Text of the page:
What Parents Need to Know About The Legend of Zelda: Tears of the Kingdom

Written by Max Jay, Assistant Director, Communications
May 12, 2023

The Demon King, Ganondorf, has returned… again. The Legend of Zelda: Tears of the Kingdom sees Zelda and Link once again facing a cataclysmic event threatening the kingdom of Hyrule. Fortunately, your family can help reunite the heroes and stand against the evil forces.

Find out everything you need to know to decide if Tears of the Kingdom is appropriate for your family.

Is The Legend of Zelda: Tears of the Kingdom Appropriate for Kids?

The Legend of Zelda: Tears of the Kingdom is rated E10+ (Everyone 10+), with Content Descriptors for Fantasy Violence and Mild Suggestive Themes. Tears of the Kingdom does not have any Interactive Elements assigned, meaning players do not have the ability to interact online or make in-game purchases.

According to the ESRB Rating Summary, “Players use swords, hammers, bows, and explosives to attack enemies that generally disappearLink stands on a wide tractor-like contraption in the middle of a large field. amid smoke puffs and/or collectible items. Stylized battles are sometimes frenetic, accompanied by impact sounds, cries of pain, and brief explosions.”

The Rating Summary also cites that some characters “wear revealing outfits.”

Where Can I Play The Legend of Zelda: Tears of the Kingdom?

The Legend of Zelda: Tears of the Kingdom is available on the Nintendo Switch.

How Much Does The Legend of Zelda: Tears of the Kingdom Cost?

The Legend of Zelda: Tears of the Kingdom costs $69.99 for the standard edition. If you’re interested (and can find one) there is also a Collector’s Edition, which includes some additional goodies for $129.99.

What is The Legend of Zelda: Tears of the Kingdom?

Link holds a kite-like glider overhead as he glides high above the land. Beneath him is a sprawling landscape with massive shroom like trees with flat tops, and mountain ranges in the distance.The Legend of Zelda: Tears of the Kingdom is the newest installment in the long-running series from Nintendo. The first game – The Legend of Zelda (Everyone) – was released in 1986 and created a template for action-adventure games that continues to influence game design to this day. With approximately 20 mainline Zelda games (not including spinoffs), the overarching story of the Zelda series is complicated. Between alternate dimensions, reincarnation, resurrection, time travel, and at least three separate timelines, it’s hard to keep the chronological events of Hyrule straight. Not to mention the fact that Nintendo is notoriously tight-lipped about the official timeline! That said, most of the mainline games in the series follow some thematically consistent underpinnings:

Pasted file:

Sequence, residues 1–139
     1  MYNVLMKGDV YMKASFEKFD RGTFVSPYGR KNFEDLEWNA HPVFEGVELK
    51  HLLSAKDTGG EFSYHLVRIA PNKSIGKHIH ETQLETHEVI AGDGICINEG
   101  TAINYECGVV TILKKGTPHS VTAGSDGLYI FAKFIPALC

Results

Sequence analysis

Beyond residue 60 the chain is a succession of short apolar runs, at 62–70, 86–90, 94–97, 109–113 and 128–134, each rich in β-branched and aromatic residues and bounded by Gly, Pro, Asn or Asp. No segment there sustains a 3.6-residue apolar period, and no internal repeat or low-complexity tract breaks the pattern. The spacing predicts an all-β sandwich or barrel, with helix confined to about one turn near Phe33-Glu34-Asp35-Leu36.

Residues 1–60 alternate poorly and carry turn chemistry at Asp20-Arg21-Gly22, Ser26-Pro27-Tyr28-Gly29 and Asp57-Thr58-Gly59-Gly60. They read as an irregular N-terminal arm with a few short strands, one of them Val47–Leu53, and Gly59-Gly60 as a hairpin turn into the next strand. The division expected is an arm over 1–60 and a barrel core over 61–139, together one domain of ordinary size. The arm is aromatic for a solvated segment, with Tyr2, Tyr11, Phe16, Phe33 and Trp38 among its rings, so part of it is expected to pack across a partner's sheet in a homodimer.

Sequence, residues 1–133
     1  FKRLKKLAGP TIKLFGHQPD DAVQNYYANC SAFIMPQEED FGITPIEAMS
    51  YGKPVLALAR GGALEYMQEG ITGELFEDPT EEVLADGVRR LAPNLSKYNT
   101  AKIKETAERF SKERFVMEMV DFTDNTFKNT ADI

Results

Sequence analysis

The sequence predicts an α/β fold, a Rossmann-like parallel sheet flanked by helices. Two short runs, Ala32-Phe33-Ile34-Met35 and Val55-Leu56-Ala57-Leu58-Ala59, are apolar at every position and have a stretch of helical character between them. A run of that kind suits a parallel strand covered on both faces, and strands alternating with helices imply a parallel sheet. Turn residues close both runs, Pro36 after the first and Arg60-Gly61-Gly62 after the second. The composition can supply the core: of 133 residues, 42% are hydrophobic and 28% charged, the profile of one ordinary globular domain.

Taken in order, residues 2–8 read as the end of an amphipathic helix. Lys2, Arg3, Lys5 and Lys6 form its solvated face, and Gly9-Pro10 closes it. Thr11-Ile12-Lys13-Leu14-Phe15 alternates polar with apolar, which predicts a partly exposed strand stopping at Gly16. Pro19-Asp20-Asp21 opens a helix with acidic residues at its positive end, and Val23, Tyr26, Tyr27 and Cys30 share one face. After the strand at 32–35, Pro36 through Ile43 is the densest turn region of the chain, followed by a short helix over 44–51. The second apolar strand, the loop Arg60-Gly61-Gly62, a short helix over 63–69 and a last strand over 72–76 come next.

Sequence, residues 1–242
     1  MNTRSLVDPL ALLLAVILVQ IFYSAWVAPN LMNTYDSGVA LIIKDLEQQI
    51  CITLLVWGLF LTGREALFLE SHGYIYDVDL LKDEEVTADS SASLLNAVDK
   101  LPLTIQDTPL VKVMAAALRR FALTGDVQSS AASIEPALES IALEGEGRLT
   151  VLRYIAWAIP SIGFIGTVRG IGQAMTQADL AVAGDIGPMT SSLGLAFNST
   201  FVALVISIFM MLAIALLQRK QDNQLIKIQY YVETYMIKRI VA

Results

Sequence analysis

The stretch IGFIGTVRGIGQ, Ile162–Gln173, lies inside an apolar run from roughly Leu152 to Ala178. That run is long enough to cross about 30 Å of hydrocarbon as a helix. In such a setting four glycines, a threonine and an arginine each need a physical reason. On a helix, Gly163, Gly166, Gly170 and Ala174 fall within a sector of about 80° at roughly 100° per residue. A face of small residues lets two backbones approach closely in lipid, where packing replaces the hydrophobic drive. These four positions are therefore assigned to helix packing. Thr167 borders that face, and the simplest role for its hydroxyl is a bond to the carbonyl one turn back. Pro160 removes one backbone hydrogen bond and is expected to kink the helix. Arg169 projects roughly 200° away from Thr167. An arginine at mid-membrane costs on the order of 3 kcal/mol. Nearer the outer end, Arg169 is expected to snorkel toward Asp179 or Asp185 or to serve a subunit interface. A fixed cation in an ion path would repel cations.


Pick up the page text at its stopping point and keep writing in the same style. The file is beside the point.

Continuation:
• There’s always at least one Link, and there’s (almost) always a Zelda. Most of the time these are various reincarnations of Link and Zelda, but there are a few direct sequels.
  • There’s always an insurmountable evil. This often takes the form of the Demon King Ganon and/or his human form Ganondorf. He’s mean and scary and powerful; we don’t like him. Sometimes there are other evil big bad guys that want to resurrect Ganon. Other times there are big bad guys that are independent evil contractors and have nothing to do with Ganon.
  • Link needs to traverse the world to collect powerful weapons and/or artifacts to defeat Ganon/Ganondorf/big bad guy to save the world!
  • I’ve always thought of Zelda games as puzzle boxes. Be it in one of the series’ dungeons (which are large, themed environments often designed around a specific ability or item) or out in the open world – players can gradually unfold more and more of the environment by solving spatial puzzles of increasing difficulty.

Link from the Legend of Zelda falls majestically from far above the Kingdom of Hyrule. His arms and legs are outstretched like a skydiver and his blond hair whips in the wind as he falls. Beneath him is a vast landscape partially obsuded by white clouds. The sky is also dotted with floating islands.

Tears of the Kingdom is one of the few direct sequels in the series and picks up with the same Link and Zelda we saw in 2017’s The Legend of Zelda: Breath of the Wild (E10+). Breath of the Wild featured the first open-world environment in the Zelda series, allowing players to explore a seamless, open-ended Hyrule. Tears of the Kingdom looks to up the ante by changing up Hyrule’s environment, adding mysterious floating islands to explore, and introducing new abilities.

How Does The Legend of Zelda: Tears of the Kingdom Play?

The Legend of Zelda: Tears of the Kingdom is a single-player, open-world, action/adventure game. Players will join Link in a combination of puzzle solving, monster fighting, and exploration, as he looks for Zelda and tries to defeat the resurrected Ganondorf. Tears of the Kingdom adds to the vast landscape of Hyrule with the addition of floating islands – aptly named Sky Islands – and new abilities to interact with the world.